As explained in step 1, build an abstract knowledge on the true "spirit" of the game based on machine learning techniques like Word2Vec and techniques from Natural Language Processing (NLP) which abstracts knowledge from text based game descriptions, social feeds etc. This is unique to the game, yet also contain hundreds of nuanced dimensions of the game.
Once you have the spirit of the game play as an abstract knowledge, you build machine learning algorithms to allow the machines to dynamically learn what types of users have shown an affinity towards such a game in the past.
You can define affinity as a like/click/download/purchase or any other consumer actions that deems fit. Here, machine learning can learn the "essence" of the user as an abstract knowledge based on multiple dimensions. Machine learning thrives on data and dimensions about the user beyond mere demography. Dimensions such as users marketing channel affinity, past attributes, view-throughs, the frequency of visit per channel, average opportunity to see, etc. can all be computed through other machine learning techniques.
Once you have the spirit of the game and the essence of the user, you can decide if the game advertisement is a good match for a user, in real-time, without having to create a database of users from the pool. This is far more effective and conducive to audience-exchanges where you don't or can't own or access the entire user population per channel.
Step 3: Channel Strategy and Assets
A channel strategy entails choosing the right communication channel for the end-user such as mobile, web, brochure, retail outlets, TV ads etc. The assets allocated to the channel include the message to the audience, the message format, frequency of communication, follow-ups etc.
Traditional Marketing: For mobile advertising channels, you have to decide early on what the audience-cohort messaging is, and what would be relevant for the mobile channel. The message for a third-person shooter will be different than a generic demographic targeting kids aged 7 to 14.
Additionally, the ad format has to be predetermined such as full-screen ads, video ads, native ads etc. You have to pre-create all the messages and pre-fit them to the format. You do not have a choice of making up a message on-the-fly that is relevant to the end-user, environment and the utility of the channel.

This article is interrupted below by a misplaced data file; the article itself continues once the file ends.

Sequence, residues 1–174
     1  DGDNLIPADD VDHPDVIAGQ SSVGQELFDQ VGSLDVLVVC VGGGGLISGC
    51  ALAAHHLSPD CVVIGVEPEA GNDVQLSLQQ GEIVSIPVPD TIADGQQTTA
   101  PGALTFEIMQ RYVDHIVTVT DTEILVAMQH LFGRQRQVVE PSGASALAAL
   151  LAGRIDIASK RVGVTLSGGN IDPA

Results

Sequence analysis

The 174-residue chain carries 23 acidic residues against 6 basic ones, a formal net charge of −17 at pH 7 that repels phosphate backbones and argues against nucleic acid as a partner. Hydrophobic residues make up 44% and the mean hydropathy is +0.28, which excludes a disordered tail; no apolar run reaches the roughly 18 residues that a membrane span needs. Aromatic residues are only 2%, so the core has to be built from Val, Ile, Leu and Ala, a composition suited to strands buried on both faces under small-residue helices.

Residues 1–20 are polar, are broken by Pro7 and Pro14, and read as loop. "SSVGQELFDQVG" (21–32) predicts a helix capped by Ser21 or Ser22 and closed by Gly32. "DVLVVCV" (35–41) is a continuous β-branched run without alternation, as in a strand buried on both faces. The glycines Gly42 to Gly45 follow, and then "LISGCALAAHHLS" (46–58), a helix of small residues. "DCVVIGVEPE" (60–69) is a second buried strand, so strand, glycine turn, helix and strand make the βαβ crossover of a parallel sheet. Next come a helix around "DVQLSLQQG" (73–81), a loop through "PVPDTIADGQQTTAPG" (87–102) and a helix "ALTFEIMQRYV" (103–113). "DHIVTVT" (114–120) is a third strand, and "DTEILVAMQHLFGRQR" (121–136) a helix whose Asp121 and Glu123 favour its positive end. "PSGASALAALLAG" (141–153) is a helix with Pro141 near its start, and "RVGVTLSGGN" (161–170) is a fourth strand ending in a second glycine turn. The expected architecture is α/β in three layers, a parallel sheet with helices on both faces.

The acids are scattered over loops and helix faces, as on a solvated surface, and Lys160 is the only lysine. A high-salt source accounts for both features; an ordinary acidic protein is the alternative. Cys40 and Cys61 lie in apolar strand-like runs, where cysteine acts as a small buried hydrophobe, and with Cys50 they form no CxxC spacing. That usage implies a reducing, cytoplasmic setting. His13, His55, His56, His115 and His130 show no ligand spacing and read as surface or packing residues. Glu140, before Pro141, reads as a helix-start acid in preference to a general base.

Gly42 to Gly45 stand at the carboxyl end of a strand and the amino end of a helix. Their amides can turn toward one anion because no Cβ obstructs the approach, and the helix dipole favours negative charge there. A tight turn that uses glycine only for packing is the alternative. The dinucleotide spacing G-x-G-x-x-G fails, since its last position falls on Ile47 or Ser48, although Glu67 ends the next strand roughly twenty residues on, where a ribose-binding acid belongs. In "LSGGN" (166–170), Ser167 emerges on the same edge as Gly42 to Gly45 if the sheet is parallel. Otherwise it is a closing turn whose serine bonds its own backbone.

Machine Learning in Marketing: Unlike traditional marketing, with machine learning you can ask the machines to prepare the messaging dynamically at run-time based on how the essence of the user matches the game spirit.
If the user is a 35-year-old tech professional who happens to love this game, not only will you advertise to the user, but the machines can create an appropriate message that can dovetail the spirit of the game to specific sensibilities of the user. For example, the machines may choose to prepare a message stating, "Tired of boardroom presentations? How about a quick backyard battle with the zombies?" where backyard-battle is the element of the gameplay.
This is channel agnostic and can fit into chatbots, virtual assistants, mobile advertising or any other channels you employ.
Similarly, the budget per channel can be altered in real-time through channel lift metrics that can be fed into the machines, which can dynamically control the bids.
Machine learning can be used to improve channel efficacy by a minimum of 80 percent and unbounded maximums if done right. Even simple deep learning and machine learning techniques on KPIs like click-through-rates, conversion rates and bid-to-win ratios can bump the efficacy by 50 percent to 200 percent.
Machine learning is dramatically changing the marketing landscape. It’s prudent for marketers to understand and employ machine learning algorithms sooner than later.